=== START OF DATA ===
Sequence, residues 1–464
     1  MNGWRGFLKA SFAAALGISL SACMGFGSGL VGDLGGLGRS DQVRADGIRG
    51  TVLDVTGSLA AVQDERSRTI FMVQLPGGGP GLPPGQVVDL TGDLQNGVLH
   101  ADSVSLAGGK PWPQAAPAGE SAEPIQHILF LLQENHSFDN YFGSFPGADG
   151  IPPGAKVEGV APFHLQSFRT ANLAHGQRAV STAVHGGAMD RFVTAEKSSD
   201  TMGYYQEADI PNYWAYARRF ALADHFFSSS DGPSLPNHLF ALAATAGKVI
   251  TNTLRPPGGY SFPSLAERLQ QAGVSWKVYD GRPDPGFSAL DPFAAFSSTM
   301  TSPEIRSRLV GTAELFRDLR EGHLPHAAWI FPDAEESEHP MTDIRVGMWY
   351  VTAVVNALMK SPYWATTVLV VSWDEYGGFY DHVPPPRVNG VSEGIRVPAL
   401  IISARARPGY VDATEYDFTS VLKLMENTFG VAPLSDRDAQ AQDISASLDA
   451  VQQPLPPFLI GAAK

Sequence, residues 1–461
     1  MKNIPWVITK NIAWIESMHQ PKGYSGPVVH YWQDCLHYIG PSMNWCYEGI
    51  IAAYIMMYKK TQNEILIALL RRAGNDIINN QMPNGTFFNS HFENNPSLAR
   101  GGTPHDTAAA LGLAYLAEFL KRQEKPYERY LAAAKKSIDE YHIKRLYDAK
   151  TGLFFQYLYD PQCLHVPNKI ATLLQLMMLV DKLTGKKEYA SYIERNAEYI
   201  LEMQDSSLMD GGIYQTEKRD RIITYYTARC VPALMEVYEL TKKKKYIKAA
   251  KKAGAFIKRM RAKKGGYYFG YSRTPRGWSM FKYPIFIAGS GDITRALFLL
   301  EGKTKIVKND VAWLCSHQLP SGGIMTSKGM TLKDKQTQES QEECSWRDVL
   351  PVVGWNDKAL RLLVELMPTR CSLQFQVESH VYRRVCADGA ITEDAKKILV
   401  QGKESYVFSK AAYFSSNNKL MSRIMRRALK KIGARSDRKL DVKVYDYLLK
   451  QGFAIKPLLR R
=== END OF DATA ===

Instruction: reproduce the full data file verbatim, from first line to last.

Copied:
Sequence, residues 1–464
     1  MNGWRGFLKA SFAAALGISL SACMGFGSGL VGDLGGLGRS DQVRADGIRG
    51  TVLDVTGSLA AVQDERSRTI FMVQLPGGGP GLPPGQVVDL TGDLQNGVLH
   101  ADSVSLAGGK PWPQAAPAGE SAEPIQHILF LLQENHSFDN YFGSFPGADG
   151  IPPGAKVEGV APFHLQSFRT ANLAHGQRAV STAVHGGAMD RFVTAEKSSD
   201  TMGYYQEADI PNYWAYARRF ALADHFFSSS DGPSLPNHLF ALAATAGKVI
   251  TNTLRPPGGY SFPSLAERLQ QAGVSWKVYD GRPDPGFSAL DPFAAFSSTM
   301  TSPEIRSRLV GTAELFRDLR EGHLPHAAWI FPDAEESEHP MTDIRVGMWY
   351  VTAVVNALMK SPYWATTVLV VSWDEYGGFY DHVPPPRVNG VSEGIRVPAL
   401  IISARARPGY VDATEYDFTS VLKLMENTFG VAPLSDRDAQ AQDISASLDA
   451  VQQPLPPFLI GAAK

Sequence, residues 1–461
     1  MKNIPWVITK NIAWIESMHQ PKGYSGPVVH YWQDCLHYIG PSMNWCYEGI
    51  IAAYIMMYKK TQNEILIALL RRAGNDIINN QMPNGTFFNS HFENNPSLAR
   101  GGTPHDTAAA LGLAYLAEFL KRQEKPYERY LAAAKKSIDE YHIKRLYDAK
   151  TGLFFQYLYD PQCLHVPNKI ATLLQLMMLV DKLTGKKEYA SYIERNAEYI
   201  LEMQDSSLMD GGIYQTEKRD RIITYYTARC VPALMEVYEL TKKKKYIKAA
   251  KKAGAFIKRM RAKKGGYYFG YSRTPRGWSM FKYPIFIAGS GDITRALFLL
   301  EGKTKIVKND VAWLCSHQLP SGGIMTSKGM TLKDKQTQES QEECSWRDVL
   351  PVVGWNDKAL RLLVELMPTR CSLQFQVESH VYRRVCADGA ITEDAKKILV
   401  QGKESYVFSK AAYFSSNNKL MSRIMRRALK KIGARSDRKL DVKVYDYLLK
   451  QGFAIKPLLR R